So the total header will consist of:

 
Byte number   0  1  2  3  4  5  6  7  8  9
            +--+--+--+--+--+--+--+--+--+--+
Hex values  |ae 5a 54 52 0d 0a 1a 0d|01 02|
            +--+--+--+--+--+--+--+--+--+--+

Chunk format

The basic structure of a ZTR file is (header,chunk*) - ie header followed by zero or more chunks. Each chunk consists of a type, some meta-data and some data, along with the lengths of both the meta-data and data.

   
Byte number   0  1  2  3  4  5  6  7  8  9
            +--+--+--+--+---+---+---+---+--+--+  -  +--+--+--+--+--+--  -  --+
Hex values  |   type    |meta-data length  | meta-data |data length| data .. |
            +--+--+--+--+---+---+---+---+--+--+  -  +--+--+--+--+--+--  -  --+
     

Ie in C:

      
typedef struct {
    uint4 type;			/* chunk type (be) */
    uint4 mdlength;		/* length of meta-data field (be) */
    char *mdata;		/* meta data */
    uint4 dlength;		/* length of data field (be) */
    char *data;			/* a format byte and the data itself */
} ztr_chunk_t;
      

All 2 and 4-byte integer values are stored in big endian format.

The meta-data is uncompressed (and so it does not start with a format byte). The format of the meta-data is chunk specific, and many chunk types will have no meta-data. In this case the meta-data length field will be zero and this will be followed immediately by the data-length field.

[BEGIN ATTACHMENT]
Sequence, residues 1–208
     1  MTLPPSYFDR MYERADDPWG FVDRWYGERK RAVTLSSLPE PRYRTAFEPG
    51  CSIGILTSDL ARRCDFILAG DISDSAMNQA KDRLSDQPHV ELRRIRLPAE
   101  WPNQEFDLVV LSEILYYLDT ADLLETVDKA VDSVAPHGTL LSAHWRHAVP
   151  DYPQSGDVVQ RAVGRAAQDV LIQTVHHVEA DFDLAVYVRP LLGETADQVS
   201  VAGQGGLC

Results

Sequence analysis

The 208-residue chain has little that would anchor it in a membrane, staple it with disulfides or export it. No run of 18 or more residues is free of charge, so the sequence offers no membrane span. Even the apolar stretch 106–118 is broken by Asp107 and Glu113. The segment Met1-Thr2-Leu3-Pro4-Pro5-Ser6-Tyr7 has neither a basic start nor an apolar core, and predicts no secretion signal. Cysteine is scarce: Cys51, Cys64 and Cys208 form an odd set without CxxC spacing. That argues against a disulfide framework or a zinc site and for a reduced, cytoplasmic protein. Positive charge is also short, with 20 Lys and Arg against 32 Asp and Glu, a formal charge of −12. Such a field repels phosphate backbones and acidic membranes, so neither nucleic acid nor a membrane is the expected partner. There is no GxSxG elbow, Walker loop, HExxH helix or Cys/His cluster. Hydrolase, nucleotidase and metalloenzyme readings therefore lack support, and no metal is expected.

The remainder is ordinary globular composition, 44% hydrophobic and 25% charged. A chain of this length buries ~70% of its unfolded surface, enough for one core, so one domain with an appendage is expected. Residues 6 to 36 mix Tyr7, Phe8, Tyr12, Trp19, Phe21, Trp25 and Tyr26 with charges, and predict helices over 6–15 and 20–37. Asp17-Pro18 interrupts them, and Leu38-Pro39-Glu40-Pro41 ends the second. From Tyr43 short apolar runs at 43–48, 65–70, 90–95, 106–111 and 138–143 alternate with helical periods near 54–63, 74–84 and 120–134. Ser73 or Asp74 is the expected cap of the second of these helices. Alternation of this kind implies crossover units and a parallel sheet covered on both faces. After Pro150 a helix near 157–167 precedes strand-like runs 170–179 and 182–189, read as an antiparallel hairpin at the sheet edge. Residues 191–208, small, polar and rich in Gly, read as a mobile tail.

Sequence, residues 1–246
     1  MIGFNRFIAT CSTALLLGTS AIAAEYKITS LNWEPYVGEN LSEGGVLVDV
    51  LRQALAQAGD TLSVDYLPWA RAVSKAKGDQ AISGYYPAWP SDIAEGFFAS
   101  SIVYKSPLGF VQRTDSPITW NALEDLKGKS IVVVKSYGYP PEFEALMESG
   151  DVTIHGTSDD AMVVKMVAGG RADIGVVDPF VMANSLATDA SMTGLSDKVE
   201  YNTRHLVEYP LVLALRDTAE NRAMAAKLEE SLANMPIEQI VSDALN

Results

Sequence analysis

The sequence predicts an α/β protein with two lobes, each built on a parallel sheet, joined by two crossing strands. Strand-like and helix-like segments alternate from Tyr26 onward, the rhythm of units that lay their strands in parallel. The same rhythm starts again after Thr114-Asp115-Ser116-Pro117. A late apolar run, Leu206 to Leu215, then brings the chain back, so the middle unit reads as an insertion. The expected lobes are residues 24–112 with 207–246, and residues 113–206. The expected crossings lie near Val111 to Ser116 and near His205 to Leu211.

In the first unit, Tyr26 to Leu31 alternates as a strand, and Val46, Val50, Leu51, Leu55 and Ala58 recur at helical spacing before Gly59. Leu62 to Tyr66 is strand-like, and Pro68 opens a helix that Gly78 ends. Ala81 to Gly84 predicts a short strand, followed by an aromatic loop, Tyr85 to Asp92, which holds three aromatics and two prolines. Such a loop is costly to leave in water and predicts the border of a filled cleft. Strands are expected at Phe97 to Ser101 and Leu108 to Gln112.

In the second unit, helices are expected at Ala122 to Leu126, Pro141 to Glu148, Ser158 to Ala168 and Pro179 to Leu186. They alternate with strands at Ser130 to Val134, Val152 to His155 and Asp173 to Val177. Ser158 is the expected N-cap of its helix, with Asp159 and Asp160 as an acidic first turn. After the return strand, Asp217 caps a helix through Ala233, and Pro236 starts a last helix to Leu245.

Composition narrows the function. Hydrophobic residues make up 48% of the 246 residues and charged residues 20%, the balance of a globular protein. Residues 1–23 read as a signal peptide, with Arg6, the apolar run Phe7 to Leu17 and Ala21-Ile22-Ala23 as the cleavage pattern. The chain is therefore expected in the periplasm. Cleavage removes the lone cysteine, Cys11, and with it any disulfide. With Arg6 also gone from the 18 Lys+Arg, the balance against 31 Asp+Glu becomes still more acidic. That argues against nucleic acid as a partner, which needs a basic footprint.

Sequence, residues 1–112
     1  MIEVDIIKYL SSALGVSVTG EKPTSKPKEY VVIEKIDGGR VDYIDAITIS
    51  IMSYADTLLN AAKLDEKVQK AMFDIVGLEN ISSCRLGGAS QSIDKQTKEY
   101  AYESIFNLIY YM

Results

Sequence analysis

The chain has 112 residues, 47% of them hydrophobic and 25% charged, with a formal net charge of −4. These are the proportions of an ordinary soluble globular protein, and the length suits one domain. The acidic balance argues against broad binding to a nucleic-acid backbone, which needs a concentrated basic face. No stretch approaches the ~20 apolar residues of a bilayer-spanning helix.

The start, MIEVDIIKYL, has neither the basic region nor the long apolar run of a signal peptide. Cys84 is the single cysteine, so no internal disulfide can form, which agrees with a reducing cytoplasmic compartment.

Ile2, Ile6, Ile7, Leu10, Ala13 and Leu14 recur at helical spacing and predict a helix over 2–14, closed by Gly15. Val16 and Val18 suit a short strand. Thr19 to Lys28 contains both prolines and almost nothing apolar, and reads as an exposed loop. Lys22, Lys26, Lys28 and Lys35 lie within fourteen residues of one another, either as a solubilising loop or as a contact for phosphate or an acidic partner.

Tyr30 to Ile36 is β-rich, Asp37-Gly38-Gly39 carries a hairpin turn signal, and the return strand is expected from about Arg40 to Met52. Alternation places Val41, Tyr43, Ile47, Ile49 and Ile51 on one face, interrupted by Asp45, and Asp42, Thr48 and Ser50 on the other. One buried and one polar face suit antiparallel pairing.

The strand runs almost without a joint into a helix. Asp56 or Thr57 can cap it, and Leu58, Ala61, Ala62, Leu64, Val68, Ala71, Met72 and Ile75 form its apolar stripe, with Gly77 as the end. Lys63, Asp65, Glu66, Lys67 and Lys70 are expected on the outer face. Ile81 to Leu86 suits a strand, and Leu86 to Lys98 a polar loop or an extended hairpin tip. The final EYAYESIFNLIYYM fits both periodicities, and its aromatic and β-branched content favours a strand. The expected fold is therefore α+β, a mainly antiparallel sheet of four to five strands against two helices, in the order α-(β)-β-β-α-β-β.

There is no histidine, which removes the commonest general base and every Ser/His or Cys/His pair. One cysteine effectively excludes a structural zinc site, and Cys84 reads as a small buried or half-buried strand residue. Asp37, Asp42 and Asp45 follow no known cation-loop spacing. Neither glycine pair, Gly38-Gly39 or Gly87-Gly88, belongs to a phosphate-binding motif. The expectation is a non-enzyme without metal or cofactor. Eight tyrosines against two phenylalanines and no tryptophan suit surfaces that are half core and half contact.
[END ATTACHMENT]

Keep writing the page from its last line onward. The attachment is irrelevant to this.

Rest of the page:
The data length is the length in bytes of the entire 'data' block, including the format information held within it.

The first byte of the data consists of a format byte. The most basic format is zero - indicating that the data is "as is"; it's the real thing. Other formats exist in order to encode various filtering and compression techniques. The information encoded in the next bytes will depend on the format byte.

Data format 0 - Raw

Byte number   0 1  2       N
            +--+--+--  -  --+
Hex values  | 0|  raw data  |
            +--+--+--  -  --+
     

Raw data has no compression or filtering. It just contains the unprocessed data. It consists of a one byte header (0) indicating raw format followed by N bytes of data.

Data format 1 - Run Length Encoding

Byte number   0  1    2     3     4      5     6  7  8               N
            +--+----+----+-----+-----+-------+--+--+--+--  -  --+--+--+
Hex values  | 1| Uncompressed length | guard | run length encoded data|
            +--+----+----+-----+-----+-------+--+--+--+--  -  --+--+--+
     

Run length encoding replaces stretches of N identical bytes (with value V) with the guard byte G followed by N and V. All other byte values are stored as normal, except for occurrences of the guard byte, which is stored as G 0. For example with a guard value of 8:

Input data: